Of course, not everyone is crazy about the vaulted ceiling. Though it is generally regarded as a luxury in that it allows the illusion of extra space without actually making the most of it, it has been faulted for eating up energy. Others still associate these ceilings with the '80s and '90s, when excess ruled so many schools of thought. Like anything, a vaulted ceiling can be done poorly. Just imagine the vaulted ceiling from a few decades ago, covered in that popcorn texture.
Perhaps our favorite thing about an interior bridge is the vantage point it allows. From an interior bridge, one may be able to peer down into a kitchen or a living space, to catch sight of a spectacular light fixture or accent wall, to truly get "the lay of the land." Vaulted ceilings allow ceiling beams and trusses to take center stage in a home, and all this extra vertical space can give a large art canvas or even an indoor tree a place to flourish.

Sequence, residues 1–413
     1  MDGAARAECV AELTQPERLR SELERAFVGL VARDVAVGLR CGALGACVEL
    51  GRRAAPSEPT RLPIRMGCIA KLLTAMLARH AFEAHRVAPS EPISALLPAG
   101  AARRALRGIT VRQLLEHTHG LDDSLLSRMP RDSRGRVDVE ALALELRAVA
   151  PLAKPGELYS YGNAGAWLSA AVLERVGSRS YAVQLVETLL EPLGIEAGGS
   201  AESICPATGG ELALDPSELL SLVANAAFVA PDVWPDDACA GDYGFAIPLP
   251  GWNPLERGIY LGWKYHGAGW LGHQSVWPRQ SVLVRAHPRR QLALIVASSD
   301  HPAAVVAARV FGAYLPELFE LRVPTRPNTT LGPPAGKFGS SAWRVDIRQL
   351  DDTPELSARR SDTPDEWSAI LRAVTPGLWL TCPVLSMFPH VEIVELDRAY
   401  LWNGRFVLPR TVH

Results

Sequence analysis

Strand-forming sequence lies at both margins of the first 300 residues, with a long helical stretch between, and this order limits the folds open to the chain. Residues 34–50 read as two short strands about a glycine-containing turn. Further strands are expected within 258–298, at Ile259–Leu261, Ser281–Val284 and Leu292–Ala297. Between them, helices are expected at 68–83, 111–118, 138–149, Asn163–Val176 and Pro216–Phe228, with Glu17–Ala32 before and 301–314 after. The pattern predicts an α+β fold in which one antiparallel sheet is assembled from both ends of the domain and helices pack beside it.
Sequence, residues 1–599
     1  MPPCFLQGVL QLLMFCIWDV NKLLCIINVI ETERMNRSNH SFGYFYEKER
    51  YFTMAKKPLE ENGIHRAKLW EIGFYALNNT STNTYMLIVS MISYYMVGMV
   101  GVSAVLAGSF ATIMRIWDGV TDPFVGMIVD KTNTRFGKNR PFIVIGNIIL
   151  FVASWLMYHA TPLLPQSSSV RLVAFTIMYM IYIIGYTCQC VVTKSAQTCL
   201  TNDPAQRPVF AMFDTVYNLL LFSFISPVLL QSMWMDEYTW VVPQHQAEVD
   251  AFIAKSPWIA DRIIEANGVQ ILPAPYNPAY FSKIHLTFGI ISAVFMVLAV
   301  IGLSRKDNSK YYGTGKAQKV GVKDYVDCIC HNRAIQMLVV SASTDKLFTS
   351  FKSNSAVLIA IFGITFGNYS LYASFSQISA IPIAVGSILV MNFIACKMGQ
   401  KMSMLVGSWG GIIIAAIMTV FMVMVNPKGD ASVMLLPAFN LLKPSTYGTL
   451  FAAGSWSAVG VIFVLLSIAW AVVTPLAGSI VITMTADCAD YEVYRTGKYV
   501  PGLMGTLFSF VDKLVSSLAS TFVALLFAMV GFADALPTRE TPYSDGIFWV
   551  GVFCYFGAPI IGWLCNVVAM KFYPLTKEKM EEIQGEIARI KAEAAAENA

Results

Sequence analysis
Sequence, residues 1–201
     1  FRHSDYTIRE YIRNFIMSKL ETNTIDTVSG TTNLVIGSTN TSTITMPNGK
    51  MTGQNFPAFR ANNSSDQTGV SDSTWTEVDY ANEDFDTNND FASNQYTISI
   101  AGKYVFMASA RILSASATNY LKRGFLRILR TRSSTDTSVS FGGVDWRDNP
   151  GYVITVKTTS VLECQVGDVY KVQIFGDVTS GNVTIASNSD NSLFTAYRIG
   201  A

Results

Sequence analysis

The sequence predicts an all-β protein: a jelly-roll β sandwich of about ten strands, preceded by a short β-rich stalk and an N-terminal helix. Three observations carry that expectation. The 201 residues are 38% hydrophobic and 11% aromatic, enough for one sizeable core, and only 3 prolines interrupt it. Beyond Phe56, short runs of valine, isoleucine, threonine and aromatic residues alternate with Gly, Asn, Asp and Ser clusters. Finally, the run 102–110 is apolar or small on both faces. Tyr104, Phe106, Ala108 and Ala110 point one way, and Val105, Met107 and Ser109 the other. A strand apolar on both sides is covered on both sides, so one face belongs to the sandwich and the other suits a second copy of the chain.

These bridges also offer lots of room to play with materials. We tend to keep our bridges pretty traditional, with dark stained wooden banisters and white painted rails, but in more modern spaces we have seen glass-floored bridges and all kinds of appealing railing options.
All of the photos in this post are spaces by Bynum Design in Nashville, Tennessee.
Are you a fan of interior bridges?
Dee Bynum has his finger on the pulse. Whether it’s following trends, scouting emerging neighborhoods and infill opportunities, or overseeing the development of a design, Dee’s dedication to—or obsession with—his projects is renowned.